Every maker has its own version of what a camera interface should look like - Huawei went with a fairly standard UI, while Samsung is continuing with the Galaxy Camera UI design.
The Huawei camera interface is certainly familiar - a virtual shutter key on the right, flanked by a still/video toggle and the gallery shortcut, then three vital shortcuts on top (front/back camera toggle, flash mode and touch focus toggle). The rest are hidden in a retractable panel on the left, which uses sub-menus.
Samsung combines the still and video camera UI, which simplifies things as you can just start shooting in either mode without having to toggle first. The downside is that if you're doing 4:3 photos (which you should if you want to get the max resolution of 8MP), you get black bars where the left and right portions of the 16:9 video are, which makes framing more difficult.
Anyway, Samsung has made the various options more accessible - to choose a different shooting mode or color effect on the Galaxy Mega 6.3 you only need two taps instead of three on the Ascend Mate. The customizable row of shortcuts can make some features accessible with a single tap.
The aspect ratio mismatch between stills and video aside, the Galaxy Mega 6.3's interface feels more modern and makes shooting and changing settings quicker. Now let's have a look at what those two have to offer in terms of features.
The Samsung Galaxy Mega 6.3 sorts its camera options into three groups. The most interesting one is accessed through the Mode button and offers burst shot, night mode, HDR, panorama, best photo and best face.
Exclusive features are Drama shot (creates multiple copies of a moving object), Eraser (removes a moving object) and Sound & shot (captures ambient sound along with the photo, but such shots can't be shared with other devices).
Then there are the color effects tucked away in a retractable panel at the bottom of the screen. The third one is the Settings menu in the upper left, which controls image properties (ISO, exposure, white balance), shooting assistants (grid, metering, anti-shake) and an option to turn the volume rocker into a zoom lever, still or video shutter key.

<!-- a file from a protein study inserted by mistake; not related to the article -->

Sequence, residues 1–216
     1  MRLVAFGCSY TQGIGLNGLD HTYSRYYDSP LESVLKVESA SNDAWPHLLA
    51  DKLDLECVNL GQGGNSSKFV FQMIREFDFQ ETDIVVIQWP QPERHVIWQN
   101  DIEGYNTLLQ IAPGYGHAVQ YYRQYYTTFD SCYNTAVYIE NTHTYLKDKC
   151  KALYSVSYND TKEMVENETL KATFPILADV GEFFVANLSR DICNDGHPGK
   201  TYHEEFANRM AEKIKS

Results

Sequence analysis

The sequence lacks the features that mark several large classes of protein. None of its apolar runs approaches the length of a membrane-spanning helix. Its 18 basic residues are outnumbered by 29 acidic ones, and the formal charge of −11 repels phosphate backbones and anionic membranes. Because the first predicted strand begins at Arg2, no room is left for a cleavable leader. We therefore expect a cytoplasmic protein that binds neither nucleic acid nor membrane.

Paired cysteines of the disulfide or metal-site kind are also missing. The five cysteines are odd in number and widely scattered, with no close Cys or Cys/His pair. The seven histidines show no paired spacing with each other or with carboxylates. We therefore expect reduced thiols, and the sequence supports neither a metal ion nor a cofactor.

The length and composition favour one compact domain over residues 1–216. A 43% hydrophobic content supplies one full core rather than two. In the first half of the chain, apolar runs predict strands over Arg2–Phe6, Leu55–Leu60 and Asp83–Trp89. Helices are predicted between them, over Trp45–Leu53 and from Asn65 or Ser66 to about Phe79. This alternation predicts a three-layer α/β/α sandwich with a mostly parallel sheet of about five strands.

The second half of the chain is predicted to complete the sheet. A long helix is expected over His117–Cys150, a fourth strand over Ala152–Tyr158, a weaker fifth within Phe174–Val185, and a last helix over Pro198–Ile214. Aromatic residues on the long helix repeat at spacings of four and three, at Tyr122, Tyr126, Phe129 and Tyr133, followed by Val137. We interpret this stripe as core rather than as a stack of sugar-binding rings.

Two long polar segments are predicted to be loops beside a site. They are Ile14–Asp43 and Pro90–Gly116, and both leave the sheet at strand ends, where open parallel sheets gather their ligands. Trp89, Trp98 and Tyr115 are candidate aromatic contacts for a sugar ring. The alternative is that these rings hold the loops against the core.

The Huawei Ascend Mate on the other hand piles it all in the panel to the left, which offers four options.
First is shooting mode (burst, night mode, HDR, panorama, group shot). Then there are color effects, third are face effects (adds distortions to faces in the shot, like a digital house of mirrors) and finally the settings menu, which offers scenes, ISO, white balance, grid and a few other options.
Switching to video mode changes the available options. The available four are video resolution, white balance, face effects and settings (with an anti-shake option).
As usual, we looked at the different fields of view for the two cameras that is how much you can fit in a single shot. The Samsung Galaxy Mega 6.3 camera is wider, meaning you can fit more of the scene standing at a fixed distance compared to the Huawei Ascend Mate, but the downside is there's fewer pixels for each object (as both cameras are 8MP shooters).
The situation with the FoV for video is virtually the same, the Galaxy Mega 6.3 has a slightly wider camera.
Winner: The Samsung Galaxy Mega 6.3 had an advantage both in terms of UI and feature set. It also has a slightly wider FoV.
Not that the Huawei Ascend Mate is lagging far behind, but it doesn't really bring anything over the company's previous generation.